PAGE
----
The Frankenstein Method (Becoming a Dev Without The Fatigue)

Designed by Mike Mangialardi, See pure CSS version here:

What you’re getting yourself into: an introductory detailed story of my crisis in trying to become a web developer and concluding actionable steps I learned on how to avoid fatigue

Who is this for: Beginners to web development who are looking to have an action plan on their journey, those struggling to start their careers, and teachers looking to break their curse of knowledge and understand the issues students may run into

Wait until the end to click links: This post is loaded with links, I really encourage reading this through before clicking through.

Affiliate Links/Sponsored Post?: Nope and nope.

Background to My Post-Graduation Crisis (An Introduction)

In December 2015, I graduated with a generic Bachelor’s degree in Computer Science. I had a senior capstone project under my belt in which I created a web application from scratch using HTML, CSS, basic JavaScript, PHP, and MySQL. I was eager and excited to start a career as a web developer…but I couldn’t land a job.

I ended up settling for a job doing IT Support so I could have income and promised myself that I would use my time on the side to get caught up on the modern, massive JavaScript ecosystem. I felt a huge burden upon myself to prove that my 3.5 years at school were not a waste and struggled with the doubt of being an impostor.

While I was graduating, I got swept into the world of online entrepreneurship thanks to discovering Pat Flynn of Smart Passive Income. I had created two of my own separate businesses with a supplementary blog and become interested in social media marketing, search engine optimization, content marketing, and graphic design.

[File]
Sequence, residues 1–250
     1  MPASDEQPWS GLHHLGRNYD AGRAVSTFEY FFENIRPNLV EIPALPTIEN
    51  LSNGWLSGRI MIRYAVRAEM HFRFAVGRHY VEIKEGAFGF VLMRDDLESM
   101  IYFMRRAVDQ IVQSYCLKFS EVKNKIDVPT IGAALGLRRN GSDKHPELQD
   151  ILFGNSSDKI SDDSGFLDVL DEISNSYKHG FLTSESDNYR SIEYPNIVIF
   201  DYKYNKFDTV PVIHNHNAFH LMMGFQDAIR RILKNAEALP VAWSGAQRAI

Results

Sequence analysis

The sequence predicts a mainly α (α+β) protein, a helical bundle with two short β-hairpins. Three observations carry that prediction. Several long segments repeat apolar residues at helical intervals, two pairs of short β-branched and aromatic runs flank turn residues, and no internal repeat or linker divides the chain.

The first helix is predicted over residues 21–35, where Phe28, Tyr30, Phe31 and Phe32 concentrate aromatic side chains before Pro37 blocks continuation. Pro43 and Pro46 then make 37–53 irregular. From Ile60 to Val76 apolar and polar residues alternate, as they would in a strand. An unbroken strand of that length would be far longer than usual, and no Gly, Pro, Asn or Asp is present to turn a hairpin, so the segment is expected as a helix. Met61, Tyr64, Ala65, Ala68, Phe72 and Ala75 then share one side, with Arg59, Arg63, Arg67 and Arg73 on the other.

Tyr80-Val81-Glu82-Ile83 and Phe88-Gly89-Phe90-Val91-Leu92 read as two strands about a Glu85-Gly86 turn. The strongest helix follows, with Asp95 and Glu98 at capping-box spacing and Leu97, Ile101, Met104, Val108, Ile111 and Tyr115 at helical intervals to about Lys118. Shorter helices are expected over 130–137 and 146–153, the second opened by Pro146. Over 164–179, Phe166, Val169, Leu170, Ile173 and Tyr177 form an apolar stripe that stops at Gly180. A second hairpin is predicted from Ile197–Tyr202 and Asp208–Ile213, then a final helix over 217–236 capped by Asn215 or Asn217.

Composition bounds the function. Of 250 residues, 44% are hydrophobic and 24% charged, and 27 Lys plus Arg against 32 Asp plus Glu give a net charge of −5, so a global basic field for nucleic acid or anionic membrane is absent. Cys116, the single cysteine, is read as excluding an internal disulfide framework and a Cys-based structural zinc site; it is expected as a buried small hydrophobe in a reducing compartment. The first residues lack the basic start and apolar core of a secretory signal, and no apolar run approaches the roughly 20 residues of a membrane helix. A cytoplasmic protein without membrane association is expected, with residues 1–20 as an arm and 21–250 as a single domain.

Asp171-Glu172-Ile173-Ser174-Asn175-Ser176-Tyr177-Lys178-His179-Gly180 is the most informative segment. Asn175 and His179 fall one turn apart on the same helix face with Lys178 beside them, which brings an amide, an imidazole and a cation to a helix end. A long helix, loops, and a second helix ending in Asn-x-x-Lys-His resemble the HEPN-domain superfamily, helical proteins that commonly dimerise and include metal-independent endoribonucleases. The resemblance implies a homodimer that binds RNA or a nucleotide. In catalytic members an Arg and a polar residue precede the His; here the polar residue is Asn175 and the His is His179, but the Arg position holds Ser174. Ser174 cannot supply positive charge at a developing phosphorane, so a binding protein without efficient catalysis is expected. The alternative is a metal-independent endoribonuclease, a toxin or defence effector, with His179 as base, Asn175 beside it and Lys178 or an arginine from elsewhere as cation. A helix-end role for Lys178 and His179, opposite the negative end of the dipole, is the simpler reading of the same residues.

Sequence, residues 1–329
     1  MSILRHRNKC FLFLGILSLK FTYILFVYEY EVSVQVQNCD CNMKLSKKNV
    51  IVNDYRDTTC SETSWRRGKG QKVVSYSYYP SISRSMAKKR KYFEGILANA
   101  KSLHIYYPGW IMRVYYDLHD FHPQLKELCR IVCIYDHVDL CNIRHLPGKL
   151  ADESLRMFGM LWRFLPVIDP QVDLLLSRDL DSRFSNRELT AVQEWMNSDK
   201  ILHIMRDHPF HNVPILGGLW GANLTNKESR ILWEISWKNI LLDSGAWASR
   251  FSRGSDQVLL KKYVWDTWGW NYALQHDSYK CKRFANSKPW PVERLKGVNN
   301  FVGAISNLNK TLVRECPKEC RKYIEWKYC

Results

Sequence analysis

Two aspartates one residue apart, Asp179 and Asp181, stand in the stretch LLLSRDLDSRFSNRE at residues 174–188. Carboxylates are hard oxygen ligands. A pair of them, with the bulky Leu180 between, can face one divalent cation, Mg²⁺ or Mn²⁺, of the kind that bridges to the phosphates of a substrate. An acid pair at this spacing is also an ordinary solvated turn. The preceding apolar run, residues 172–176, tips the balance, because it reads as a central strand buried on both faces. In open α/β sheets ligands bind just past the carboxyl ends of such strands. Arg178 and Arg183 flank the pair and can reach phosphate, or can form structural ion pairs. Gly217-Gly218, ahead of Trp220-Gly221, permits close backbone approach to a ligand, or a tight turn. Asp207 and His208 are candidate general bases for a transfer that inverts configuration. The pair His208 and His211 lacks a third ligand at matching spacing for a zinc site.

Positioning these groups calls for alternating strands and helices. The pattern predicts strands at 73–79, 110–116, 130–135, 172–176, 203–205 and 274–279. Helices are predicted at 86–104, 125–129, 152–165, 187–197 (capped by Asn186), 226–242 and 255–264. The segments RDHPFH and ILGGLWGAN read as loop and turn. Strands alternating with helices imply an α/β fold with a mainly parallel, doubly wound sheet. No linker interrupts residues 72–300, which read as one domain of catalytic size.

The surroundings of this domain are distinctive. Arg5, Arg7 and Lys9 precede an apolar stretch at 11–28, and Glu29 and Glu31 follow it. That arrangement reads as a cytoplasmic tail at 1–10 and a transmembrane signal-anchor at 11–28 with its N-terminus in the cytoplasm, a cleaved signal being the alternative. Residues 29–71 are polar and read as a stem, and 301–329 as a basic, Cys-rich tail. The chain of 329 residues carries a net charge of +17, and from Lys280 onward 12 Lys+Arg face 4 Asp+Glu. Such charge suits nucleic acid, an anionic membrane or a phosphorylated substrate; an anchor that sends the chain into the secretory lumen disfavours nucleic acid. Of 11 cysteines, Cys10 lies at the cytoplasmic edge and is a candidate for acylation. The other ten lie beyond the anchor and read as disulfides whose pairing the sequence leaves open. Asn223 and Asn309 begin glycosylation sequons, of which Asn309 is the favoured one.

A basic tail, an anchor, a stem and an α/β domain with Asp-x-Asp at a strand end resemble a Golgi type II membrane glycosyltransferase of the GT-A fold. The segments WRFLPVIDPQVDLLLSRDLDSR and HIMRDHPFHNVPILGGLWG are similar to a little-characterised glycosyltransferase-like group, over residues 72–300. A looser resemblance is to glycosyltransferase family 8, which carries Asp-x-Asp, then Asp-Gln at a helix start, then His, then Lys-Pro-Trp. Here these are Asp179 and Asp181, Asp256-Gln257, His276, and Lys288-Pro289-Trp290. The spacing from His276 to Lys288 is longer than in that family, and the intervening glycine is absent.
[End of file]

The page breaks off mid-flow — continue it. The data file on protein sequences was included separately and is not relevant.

And there I was in midst of a massive conflict.

My Conflict

I had full time work at a job from 7:00–5:00 (plus the commute) that wasn’t utilizing my desired skill-set. I was craving to learn the JavaScript ecosystem.

I worked in a corporate office, and I was consuming non-stop information about how I could be my own boss and work my own hours.

I needed to take on projects as I learned to make JavaScript web app. But thought I was wasting my time if I wasn’t aiming at making a web app that could be turned into my own business.

All of this resulted boiling frustration at my current job and massive fatigue in actually learning JavaScript frameworks as I had intended.

How I Got Back on Track

After months off with not even looking at code and being too burnt out to do anything with all the entrepreneurial ideas fluttering in my mind, I finally took a deep breath and decided to slow down by learn JavaScript in manageable chunks.

Instead of trying to make an entire web application that could be a business, I decided to take on projects that were lean and manageable. While it is true that I could work towards a full-scale, business-ready web app in manageable chunks, the burden of completing it just served as a distraction and a possible cause of fatigue.

I also did the following to really get the feeling of a clean slate:

  • Created a new email address and throughly organized it
  • Setup an Evernote to organize notes, links, and resources
  • Made updates to my Twitter account so I could get access to useful development resources and blogs
  • Ran a massive audit on the files on my computer and organized my folder hierarchy
  • Created a new Github account
  • Created a new Codepen account and bought the PRO subscription
  • Created a Trello account to organize my tasks

As you can tell the a big boost into getting back on track was organization. This gave me a sense of a fresh start and I was ready to tackle learning web development skills in a manageable fashion, which I will outline below.

The Frankenstein Model

This is what I decided to call the outline of steps to take to get on track to web development without fatigue. Why Frankenstein? Good question.

  1. I wanted to make a cool Frankenstein vector graphic for this post.